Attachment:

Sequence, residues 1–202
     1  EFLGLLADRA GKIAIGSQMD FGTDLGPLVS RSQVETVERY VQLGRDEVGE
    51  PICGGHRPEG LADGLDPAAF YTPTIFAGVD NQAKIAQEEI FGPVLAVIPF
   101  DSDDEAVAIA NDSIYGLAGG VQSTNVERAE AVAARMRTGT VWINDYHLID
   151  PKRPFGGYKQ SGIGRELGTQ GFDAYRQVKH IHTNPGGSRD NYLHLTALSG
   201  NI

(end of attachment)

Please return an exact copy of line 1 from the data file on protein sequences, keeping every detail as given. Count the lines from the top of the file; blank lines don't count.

Sequence, residues 1–202